Should you invest in pensions or property?

Invest in property

The economic landscape over the past few years has left many people feeling confused about their investment strategies. Are you unsure whether to invest in pensions or property? We look at the current facts and stats so you can weigh up the pros and cons.

Are pensions worth it?

The short answer is yes. Despite recent market shocks involving government bonds, this is a sound long-term investment with attractive tax relief. Over time, your pension pot will accumulate compound interest. So, the sooner you start contributing to your pension the quicker your pension pot will grow. You can also adjust your pension contributions as you go through life, increasing the amount as you earn more.

A common scenario is when someone has a mix of pensions from different sources. This could include, for example, a small workplace pension from previous employment and a current SIPP (self-invested personal pension). Some people may have more than one workplace pension. In some instances, pensions can be consolidated, but this isn’t always necessarily the right course of action because pensions vary.

Naturally, the value of your pension will inevitably rise and fall. However, a pension will provide you with a much-needed source of income in later life. If you buy an annuity, this could offer a guaranteed level of income per life.

The main disadvantage is the age you can start benefiting from your pension. Currently you need to be 55 years to access a personal or private pension, but this increases to 57 years in 2028. So, if you’re in your thirties, and you want a return on your investment sooner than retirement, you’ll need extra investment strategies.

Never stop contributing into a pension scheme. However, make sure you have the right pension product and your preferred risk level. Our team can carry out a pension review and we can advise you on a suitable strategy for your pensions.

Is property a better investment than a pension?

First, let’s look at tax relief in comparison with a pension. You’ll need to factor in various taxes when you buy a property such as income, capital gains and stamp duty. This ‘land tax’ has an additional 3% charge on top of standard stamp duty, if the property is in addition to your main residence.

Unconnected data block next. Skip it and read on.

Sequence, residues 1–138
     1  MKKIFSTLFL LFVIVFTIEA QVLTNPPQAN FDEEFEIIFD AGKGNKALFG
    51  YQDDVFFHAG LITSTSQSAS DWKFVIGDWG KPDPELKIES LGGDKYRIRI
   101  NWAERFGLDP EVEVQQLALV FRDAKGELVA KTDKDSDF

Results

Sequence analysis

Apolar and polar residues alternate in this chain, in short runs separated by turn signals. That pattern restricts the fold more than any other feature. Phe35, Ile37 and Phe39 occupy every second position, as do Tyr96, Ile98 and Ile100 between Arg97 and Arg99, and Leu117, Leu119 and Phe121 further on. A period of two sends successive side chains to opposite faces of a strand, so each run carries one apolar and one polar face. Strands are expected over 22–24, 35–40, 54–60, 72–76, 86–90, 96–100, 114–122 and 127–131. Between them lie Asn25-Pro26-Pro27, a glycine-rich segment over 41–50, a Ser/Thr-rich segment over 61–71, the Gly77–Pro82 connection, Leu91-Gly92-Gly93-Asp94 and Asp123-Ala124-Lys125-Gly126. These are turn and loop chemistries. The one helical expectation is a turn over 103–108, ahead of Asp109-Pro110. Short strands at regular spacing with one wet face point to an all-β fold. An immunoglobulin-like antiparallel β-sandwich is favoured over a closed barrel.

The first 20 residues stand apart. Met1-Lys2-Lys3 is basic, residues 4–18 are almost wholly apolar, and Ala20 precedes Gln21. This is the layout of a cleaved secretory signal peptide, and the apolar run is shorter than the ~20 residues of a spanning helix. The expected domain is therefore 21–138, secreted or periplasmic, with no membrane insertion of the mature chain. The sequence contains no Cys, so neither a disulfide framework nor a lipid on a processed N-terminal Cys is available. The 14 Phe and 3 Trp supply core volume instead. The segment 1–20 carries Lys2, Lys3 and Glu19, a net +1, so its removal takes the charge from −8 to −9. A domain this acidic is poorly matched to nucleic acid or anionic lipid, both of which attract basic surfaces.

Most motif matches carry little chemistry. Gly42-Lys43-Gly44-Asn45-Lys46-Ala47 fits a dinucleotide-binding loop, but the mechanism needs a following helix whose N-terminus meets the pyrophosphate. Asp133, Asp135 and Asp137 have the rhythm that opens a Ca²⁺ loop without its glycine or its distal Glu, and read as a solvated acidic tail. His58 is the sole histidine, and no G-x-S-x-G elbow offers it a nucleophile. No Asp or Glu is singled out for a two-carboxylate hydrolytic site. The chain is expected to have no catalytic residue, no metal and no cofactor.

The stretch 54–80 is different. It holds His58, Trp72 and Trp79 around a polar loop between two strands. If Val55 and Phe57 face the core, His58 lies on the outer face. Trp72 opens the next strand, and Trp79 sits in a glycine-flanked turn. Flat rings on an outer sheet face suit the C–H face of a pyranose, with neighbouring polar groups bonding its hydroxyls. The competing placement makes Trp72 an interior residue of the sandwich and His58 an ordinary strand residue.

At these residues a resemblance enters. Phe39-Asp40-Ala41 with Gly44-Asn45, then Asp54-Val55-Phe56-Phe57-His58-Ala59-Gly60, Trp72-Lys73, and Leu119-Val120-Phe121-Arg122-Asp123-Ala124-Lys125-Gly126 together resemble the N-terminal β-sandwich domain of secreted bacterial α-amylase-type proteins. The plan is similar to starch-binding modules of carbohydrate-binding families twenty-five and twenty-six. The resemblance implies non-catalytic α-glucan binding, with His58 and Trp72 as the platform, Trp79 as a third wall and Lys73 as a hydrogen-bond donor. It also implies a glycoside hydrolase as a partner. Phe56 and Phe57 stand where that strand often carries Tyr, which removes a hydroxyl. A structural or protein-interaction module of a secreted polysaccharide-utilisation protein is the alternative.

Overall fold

Buy-to-let mortgages usually have higher interest rates and require larger deposits. Any rental revenue must be declared in your self-assessment tax return. You’ll have to pay capital gains tax when selling the property if the value has increased. There are also additional costs to buying a property such as surveys and conveyancing fees, and then ongoing maintenance costs. Landlord insurance can help to protect against tenancy issues.

The value of your investment will be shaped by the housing market and legislative changes. Over recent years, the housing market has seen a few shocks, including the recent introduction of the Renters Reform Bill. As a result, many landlords reportedly sold up in 2023. However, recent research from OBS Group suggests 42% of landlords are “very optimistic”. Also, 7 in 10 landlords have increased the size of their property portfolios.

Overall, property could be viewed as a riskier investment strategy. Should house prices fall, a mortgaged property could result in negative equity. However, for some people, bricks and mortar investments may reap good returns as a long-term strategy.

Diversify your investment strategy

Whether you consider investing into pensions or property, always try to diversify your investment strategy. One approach could be to invest into a mix of stocks, shares and bonds, along with utilising high-interest cash savings accounts. Consider all applicable allowances, including pensions, ISAs and other products offering tax-free wrappers.

If you have a SIPP (self-invested personal pension), then you will have more control over how your pension is being invested. You could consider investing into commercial property, for example, or another property related investment.

Wealth Managers, Nottingham and Lincoln

Before you make a large investment into a pension or property, get professional guidance. Investment strategies can vary and will ultimately depend on your situation, as well as your preferred level of risk. You will need to consider how and when you wish to use any returns on your investments, which need balancing with your income and spend.

Our financial planning team can carry out a review of your pensions, savings and investments, considering valuable assets like property. Together, we’ll look at a suitable tax-efficient, wealth management strategy to make your money work harder and last longer.

If you would like a review of your pensions and investments, get in touch to speak to our financial planners.